State of the Electronics Ban — Who’s Cleared, Who’s Still Banned
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Update 7/19/2017: Saudia has been cleared for flights departing Riyadh (RUH) effective July 19. This marks the final airport removed from the list. Currently, no airports are subject to the large carry-on electronics ban.
Update 7/17/2017: Saudia has been cleared for flights departing Jeddah (JED) effective July 17.
Update 7/12/2017: EgyptAir has been cleared effective July 12. It remains in place for flights from Cairo to London.
Update 7/12/2017: Royal Air Maroc has been cleared effective July 13, six days earlier than originally expected.
Update 7/9/2017: Kuwait Airways has been cleared effective today.
Update 7/9/2017: Royal Jordanian has been cleared effective July 9.
Update 7/6/2017: Royal Air Maroc expects to be cleared by July 19.
Update 7/6/2017: Qatar has now been cleared from the electronics ban.
Just a couple of weeks ago, the Department of Homeland Security (DHS) Secretary John Kelly told lawmakers that an expansion of the electronics ban to European airports was “likely and imminent.” Since then, things have changed. Rather than expanding, the large carry-on electronics ban has retracted. Abu Dhabi (Etihad), Doha (Qatar), Istanbul (Turkish) and Dubai (Emirates) are off the list. Saudia says that it expects to be cleared by July 19. With all of the recent changes, here’s where the electronics ban currently stands.
Original Electronics Ban
The large carry-on electronics ban affected nine airlines across 10 airports in eight countries. This ban was made official on March 21, with airlines given just 96 hours to fully comply — or lose their right to operate flights to the US. All nine airlines pulled it off, with some introducing gate-checking of electronics and loaner laptops within a week.
The United Kingdom — sharing the same intelligence data as the United States — also rolled out a similar electronics ban. There was one noticeable difference: The “Middle East Three” (Emirates, Etihad, Qatar), along with Kuwait and Morocco, were absent from the UK’s list.
As of publication date, some of these airports are meeting the newly released requirements and getting cleared from the US electronics ban. Here’s the current state of affairs:
|Abu Dhabi International Airport (AUH)||Etihad Airways||Cleared effective July 2|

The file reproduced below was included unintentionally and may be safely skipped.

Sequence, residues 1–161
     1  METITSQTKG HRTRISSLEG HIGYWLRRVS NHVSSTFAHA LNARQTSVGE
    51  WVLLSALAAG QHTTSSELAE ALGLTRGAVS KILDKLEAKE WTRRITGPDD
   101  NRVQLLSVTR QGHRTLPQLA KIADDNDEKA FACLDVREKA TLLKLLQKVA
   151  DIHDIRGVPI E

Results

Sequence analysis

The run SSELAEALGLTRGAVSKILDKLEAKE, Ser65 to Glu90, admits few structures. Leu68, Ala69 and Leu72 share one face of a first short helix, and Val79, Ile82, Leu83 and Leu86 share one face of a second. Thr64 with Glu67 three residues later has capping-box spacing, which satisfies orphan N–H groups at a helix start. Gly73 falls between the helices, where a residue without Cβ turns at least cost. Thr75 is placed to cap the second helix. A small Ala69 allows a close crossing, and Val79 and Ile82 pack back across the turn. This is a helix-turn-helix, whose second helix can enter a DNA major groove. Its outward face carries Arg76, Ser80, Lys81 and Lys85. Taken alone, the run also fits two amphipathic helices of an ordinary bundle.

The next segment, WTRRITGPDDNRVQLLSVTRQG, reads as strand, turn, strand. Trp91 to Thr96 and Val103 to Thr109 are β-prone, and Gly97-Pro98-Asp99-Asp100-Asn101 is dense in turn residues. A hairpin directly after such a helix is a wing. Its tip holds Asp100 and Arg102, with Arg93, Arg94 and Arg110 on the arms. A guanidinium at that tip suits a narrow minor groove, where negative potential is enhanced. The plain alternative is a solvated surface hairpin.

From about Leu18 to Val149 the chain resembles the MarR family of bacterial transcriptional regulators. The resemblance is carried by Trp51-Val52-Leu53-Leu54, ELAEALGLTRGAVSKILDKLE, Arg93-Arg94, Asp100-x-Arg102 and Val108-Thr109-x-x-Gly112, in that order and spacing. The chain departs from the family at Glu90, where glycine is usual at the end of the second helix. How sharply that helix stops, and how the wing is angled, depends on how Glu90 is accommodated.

|Ataturk International Airport (IST)||Turkish Airlines||Cleared effective July 5|
|Dubai International Airport (DXB)||Emirates||Cleared effective July 5|
|Hamad International Airport (DOH)||Qatar Airways||Cleared effective July 6|
|Queen Alia International Airport (AMM)||Royal Jordanian Airlines||Cleared effective July 9|
|Kuwait International Airport (KWI)||Kuwait Airways||Cleared effective July 9|
|Cairo International Airport (CAI)||EgyptAir||Cleared effective July 12|
|Mohammed V Airport (CMN)||Royal Air Maroc||Cleared effective July 13|
|King Abdul-Aziz International Airport (JED)||Saudia||Cleared effective July 17|
|King Khalid International Airport (RUH)||Saudia||Cleared effective July 19|
Despite plenty of speculation and discussion, no European airports have been subject to the electronics ban (except Istanbul, which is technically in Europe), but it’s going to take some effort to stay off the list. The DHS is requiring all airports with nonstop flights to the US to comply with a laundry list of new regulations. If airports meet these requirements, then it’s business as usual. If the DHS determines that some airports aren’t fully complying, the large carry-on electronics ban will include these airports.
Tips for Flying Through Still-Banned Airports
What happens if you’re still flying from one of the affected airports? First, it’s important to remember that the ban only affects nonstop flights from the affected airports to the US. If you’re flying from Cairo (CAI) via London before heading back to the US, you can keep your electronics with you the whole time — but not if you’re on an EgyptAir nonstop from Cairo (CAI) directly to the US. No flights departing the US are affected.
Next, it’s important to know what’s banned and not. Technically, any electronics that are larger than a smartphone are banned. For some airlines, this is being applied to noise-canceling headphones; they’re electronics and larger than a phone. But this rule isn’t being consistently enforced.
Finally, if you need to check your electronics, you should read up on how to pack your electronics, what damage your credit card might and might not cover and how to survive long flights with kids with no electronics.
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